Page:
Troy Parrott turns 19 on Thursday, a reminder that he’s still only taking baby steps in his football career even though he’s already come under the type of scrutiny that would turn the head of an older pro.
That’s why there should be caution in overreacting to every misstep in the formative stages of the journey. Only the elite of the elite go through their life in a tough trade without any setbacks.
News that his loan to Millwall has been cut short and he will instead spend the rest of the season a level down with Ipswich in League One is a reality check for the theory that Parrott could be a short-term answer to Ireland’s problems. He has to be allowed to develop at his own pace.
But it is a disappointment; there’s no other way of summing up his Millwall stay. The extent to which Spurs were keen to sort something for Parrott that would allow him to play highlights that he is still held in high regard.
We could be accused of wearing green-tinted glasses in the hype that has been generated around Parrott.
Yet there has been more to the attention around the Belvedere product than the Irish angle.
His old manager Mauricio Pochettino was a fan and there was a lot of excitement around his first team debut during his final months in the job. It wasn’t dented by Jose Mourinho’s caution and messages from the club that Parrott just needed to mature and come to terms with his status.
Millwall’s social media activity when they agreed a season-long loan move for Parrott highlighted their excitement in his capture. Their manager Gary Rowett has a good relationship with people close to the striker and that also appealed.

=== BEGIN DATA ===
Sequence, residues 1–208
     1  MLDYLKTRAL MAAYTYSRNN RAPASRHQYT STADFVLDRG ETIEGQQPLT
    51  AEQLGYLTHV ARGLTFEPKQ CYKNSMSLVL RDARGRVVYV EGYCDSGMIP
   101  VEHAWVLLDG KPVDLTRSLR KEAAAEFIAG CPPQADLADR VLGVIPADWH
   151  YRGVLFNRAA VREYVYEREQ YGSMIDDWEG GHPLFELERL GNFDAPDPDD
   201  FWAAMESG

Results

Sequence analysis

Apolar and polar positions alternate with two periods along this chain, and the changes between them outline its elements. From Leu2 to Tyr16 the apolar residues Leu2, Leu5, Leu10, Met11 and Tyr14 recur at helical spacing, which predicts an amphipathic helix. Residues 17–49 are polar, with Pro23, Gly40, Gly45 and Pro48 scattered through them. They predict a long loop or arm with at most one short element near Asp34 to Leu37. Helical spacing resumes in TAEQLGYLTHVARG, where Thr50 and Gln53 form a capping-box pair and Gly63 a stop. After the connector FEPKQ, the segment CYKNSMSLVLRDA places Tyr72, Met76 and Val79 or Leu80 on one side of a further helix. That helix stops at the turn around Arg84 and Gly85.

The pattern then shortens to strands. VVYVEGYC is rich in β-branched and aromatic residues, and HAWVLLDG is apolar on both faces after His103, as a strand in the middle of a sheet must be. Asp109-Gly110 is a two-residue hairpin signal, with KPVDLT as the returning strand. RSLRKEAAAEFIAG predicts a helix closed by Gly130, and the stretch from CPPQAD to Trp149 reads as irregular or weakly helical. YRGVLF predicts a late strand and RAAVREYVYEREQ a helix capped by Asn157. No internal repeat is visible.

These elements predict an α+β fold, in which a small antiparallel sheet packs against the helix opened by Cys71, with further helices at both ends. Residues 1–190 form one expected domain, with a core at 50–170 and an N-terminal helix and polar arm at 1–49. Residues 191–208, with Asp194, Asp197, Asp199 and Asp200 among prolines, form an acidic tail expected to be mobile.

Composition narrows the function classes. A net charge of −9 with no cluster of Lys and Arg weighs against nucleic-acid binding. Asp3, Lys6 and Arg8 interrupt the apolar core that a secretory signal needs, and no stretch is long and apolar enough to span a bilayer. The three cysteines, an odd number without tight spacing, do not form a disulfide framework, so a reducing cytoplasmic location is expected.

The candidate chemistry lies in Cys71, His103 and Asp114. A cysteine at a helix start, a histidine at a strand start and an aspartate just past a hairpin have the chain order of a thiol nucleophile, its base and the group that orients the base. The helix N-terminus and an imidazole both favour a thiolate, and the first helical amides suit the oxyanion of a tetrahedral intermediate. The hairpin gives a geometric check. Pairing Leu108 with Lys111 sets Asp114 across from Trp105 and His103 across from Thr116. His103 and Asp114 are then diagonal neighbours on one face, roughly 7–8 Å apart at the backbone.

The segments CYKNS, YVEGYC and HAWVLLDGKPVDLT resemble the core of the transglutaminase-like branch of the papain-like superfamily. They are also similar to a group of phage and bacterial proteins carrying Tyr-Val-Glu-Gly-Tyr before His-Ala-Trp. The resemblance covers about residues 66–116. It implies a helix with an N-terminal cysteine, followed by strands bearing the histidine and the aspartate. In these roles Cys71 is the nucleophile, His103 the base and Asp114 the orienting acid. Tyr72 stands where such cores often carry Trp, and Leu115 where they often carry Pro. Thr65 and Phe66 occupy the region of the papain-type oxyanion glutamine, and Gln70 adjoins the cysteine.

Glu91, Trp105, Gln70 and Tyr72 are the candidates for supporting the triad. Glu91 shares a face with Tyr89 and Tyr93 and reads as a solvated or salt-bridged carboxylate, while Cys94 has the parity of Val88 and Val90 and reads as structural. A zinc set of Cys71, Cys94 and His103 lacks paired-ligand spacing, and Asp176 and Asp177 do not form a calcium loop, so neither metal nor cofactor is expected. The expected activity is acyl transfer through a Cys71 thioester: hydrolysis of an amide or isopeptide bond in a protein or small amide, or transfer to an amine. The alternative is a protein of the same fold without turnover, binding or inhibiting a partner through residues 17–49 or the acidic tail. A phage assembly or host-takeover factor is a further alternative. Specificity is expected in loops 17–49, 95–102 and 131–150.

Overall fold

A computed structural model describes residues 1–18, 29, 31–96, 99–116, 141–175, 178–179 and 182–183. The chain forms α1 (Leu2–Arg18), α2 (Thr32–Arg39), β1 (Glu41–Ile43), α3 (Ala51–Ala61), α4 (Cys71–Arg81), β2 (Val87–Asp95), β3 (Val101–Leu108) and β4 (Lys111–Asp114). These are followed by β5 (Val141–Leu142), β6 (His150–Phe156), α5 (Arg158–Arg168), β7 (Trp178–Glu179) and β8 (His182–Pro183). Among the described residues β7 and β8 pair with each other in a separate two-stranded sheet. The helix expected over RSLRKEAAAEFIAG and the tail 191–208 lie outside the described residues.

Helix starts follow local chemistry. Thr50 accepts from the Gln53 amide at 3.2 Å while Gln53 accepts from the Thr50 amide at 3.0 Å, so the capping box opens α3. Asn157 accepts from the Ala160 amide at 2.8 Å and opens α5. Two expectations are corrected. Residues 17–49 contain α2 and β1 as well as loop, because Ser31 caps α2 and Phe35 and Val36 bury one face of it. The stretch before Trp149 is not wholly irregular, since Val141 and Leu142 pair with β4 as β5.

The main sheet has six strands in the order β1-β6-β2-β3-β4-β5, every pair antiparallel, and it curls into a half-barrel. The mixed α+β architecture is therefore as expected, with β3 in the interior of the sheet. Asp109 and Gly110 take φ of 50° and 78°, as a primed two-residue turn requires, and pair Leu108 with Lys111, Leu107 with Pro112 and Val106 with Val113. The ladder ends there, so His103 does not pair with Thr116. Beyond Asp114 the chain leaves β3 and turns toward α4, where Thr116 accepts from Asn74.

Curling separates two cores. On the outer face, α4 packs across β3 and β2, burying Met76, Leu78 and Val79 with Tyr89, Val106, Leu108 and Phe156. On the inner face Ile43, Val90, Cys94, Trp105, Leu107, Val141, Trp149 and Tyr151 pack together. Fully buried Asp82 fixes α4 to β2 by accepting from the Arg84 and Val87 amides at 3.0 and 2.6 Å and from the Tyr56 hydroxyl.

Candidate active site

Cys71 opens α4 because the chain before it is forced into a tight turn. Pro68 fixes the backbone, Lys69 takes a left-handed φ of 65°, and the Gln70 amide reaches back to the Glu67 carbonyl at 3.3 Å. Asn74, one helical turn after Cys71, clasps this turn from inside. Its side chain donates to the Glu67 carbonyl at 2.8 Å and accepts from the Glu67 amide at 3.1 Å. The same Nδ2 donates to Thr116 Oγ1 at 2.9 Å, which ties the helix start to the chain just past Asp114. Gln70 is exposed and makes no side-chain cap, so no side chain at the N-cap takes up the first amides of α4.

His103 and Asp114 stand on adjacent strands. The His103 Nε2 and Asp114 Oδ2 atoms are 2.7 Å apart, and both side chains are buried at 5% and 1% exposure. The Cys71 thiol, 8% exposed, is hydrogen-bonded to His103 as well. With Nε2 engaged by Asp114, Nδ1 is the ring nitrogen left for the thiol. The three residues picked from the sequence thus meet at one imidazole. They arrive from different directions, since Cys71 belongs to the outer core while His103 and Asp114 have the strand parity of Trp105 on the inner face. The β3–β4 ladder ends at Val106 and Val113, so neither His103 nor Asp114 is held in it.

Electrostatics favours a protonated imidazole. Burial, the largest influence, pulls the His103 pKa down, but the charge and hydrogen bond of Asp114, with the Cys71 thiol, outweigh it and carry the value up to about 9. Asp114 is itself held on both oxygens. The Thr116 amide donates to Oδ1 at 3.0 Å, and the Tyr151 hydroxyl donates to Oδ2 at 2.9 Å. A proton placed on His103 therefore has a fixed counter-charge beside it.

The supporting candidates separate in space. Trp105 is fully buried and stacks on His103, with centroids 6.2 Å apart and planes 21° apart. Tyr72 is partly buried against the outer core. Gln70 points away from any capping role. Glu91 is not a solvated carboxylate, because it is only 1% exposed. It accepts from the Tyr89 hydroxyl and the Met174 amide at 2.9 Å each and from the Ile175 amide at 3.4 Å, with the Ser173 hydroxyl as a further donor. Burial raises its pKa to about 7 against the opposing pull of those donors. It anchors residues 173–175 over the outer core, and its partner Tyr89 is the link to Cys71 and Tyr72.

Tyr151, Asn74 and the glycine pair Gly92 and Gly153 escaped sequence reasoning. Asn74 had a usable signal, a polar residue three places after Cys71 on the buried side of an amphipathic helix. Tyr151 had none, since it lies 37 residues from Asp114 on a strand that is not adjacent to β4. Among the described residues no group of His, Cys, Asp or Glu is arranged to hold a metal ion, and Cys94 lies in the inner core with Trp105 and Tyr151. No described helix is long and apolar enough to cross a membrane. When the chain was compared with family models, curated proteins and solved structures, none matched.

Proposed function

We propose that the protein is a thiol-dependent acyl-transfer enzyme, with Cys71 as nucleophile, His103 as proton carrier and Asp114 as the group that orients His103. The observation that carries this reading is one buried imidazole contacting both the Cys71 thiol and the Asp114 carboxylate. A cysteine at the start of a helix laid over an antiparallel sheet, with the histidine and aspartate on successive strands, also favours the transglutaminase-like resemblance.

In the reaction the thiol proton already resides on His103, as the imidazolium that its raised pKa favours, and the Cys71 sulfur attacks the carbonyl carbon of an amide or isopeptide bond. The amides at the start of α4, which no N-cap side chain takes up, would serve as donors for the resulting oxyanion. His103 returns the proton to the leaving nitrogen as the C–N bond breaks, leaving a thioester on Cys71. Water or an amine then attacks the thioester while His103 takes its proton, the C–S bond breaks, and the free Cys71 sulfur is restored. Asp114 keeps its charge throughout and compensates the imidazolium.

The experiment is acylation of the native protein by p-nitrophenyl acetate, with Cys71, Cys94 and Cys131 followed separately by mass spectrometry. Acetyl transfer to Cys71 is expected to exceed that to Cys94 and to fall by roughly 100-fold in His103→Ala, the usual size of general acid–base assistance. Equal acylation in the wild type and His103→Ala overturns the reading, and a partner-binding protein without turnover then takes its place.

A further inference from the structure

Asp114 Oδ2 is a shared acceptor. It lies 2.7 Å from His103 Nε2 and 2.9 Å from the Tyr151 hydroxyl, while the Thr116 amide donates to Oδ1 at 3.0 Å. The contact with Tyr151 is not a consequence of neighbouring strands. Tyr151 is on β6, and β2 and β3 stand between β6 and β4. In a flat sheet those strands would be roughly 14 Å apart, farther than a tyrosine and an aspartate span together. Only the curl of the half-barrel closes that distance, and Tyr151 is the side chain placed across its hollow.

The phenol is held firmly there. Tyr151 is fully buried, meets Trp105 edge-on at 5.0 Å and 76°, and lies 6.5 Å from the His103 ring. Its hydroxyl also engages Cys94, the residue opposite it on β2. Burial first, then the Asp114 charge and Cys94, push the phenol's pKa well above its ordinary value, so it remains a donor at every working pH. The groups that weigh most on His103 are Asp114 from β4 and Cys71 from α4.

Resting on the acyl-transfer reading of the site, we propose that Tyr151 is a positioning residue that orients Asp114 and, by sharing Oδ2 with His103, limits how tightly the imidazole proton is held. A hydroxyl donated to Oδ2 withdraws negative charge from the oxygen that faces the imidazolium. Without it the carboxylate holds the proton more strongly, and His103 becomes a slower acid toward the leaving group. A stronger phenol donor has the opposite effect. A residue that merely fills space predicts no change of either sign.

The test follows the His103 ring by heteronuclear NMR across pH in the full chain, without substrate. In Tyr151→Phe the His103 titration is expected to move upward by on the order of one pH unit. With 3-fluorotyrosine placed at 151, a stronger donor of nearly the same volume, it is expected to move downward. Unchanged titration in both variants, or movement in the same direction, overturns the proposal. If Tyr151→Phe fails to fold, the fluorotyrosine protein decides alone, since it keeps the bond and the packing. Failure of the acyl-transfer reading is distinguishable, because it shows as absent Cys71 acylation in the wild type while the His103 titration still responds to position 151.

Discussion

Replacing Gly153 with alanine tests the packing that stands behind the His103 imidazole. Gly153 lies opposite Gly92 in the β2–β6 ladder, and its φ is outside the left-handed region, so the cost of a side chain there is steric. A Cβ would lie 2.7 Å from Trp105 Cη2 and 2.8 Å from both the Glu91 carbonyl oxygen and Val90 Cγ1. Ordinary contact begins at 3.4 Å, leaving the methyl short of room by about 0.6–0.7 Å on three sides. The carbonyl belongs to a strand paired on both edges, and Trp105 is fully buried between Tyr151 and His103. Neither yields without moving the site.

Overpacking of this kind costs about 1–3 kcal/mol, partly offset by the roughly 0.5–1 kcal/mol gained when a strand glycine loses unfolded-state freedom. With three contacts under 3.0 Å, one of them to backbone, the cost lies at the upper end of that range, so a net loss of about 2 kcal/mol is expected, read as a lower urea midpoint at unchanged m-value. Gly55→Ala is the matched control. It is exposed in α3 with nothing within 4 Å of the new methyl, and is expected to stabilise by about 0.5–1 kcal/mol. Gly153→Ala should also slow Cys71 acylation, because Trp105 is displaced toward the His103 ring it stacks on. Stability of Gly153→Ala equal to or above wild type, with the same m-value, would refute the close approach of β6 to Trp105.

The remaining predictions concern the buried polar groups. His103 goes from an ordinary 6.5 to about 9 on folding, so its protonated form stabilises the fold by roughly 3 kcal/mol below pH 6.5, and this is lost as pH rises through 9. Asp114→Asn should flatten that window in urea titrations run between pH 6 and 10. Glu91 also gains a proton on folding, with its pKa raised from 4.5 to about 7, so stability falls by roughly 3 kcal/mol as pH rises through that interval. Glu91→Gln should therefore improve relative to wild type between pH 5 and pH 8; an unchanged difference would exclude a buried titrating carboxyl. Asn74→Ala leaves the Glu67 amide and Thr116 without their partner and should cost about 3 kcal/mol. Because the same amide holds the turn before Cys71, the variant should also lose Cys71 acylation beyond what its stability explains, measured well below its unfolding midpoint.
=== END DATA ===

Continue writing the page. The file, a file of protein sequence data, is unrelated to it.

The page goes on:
There was a real belief in the Championship club that the teenager could really ignite their season and give their side an X-factor.
It was fuelled by the impact that he made in training in the immediate aftermath of his arrival with word filtering out that Parrott was lighting it up.
He was deemed ready to be thrown into the fray from the outset but a quad injury in August knocked him back and he then sustained a more serious problem on his debut in September that necessitated a two-month recovery.
If anything, it built the expectation around what would happen when he eventually returned. Closed-doors football has removed a certain edge from stadiums but Parrott was under a certain degree of pressure to rouse a team that is in the bottom half of the table because of their dire goalscoring record.
Put simply, he wasn’t able to do that, starting off in a central role initially that demonstrated that Rowett had faith in him. Yet he was sluggish in his early games, adjusting to an intensity that’s another world compared to the underage levels he was used to.
He squandered chances to get off the mark and while observers felt his overall play was improving with minutes, he was redeployed to the left side
Rowell spoke in complimentary terms about Parrott yesterday, reflecting on his 14 games without a goal – he didn’t get to play a full 90 minutes.
“He was doing extra training after the training sessions and coming in on his days off to work. I don’t think he could have done any more,” said Rowett.
“Sometimes things just don’t fall for a player. I’m sure it didn’t work out how he wanted, we wanted or Tottenham wanted but now he drops down a level and tries to get more game-time.”
Ipswich boss Paul Lambert is under pressure but Parrott’s representatives do have good relations with the club.
It will be harder for him to force his way into Stephen Kenny’s Ireland plans for March while operating in the third tier but he probably needs to block that thought out. League One opportunities and starting games with the U-21 side might be a better way to spend 2021. He’s got stacks of time on his side and if his form improves then everything else will follow naturally.
His club allegiance and the fact he’s affiliated with the same agency has led to Harry Kane comparisons and while that’s a lofty bar to reach, it’s worth remembering that Kane’s maiden loan was a League One stint with Leyton Orient consisting of five goals in 18 appearances.
Patience is required.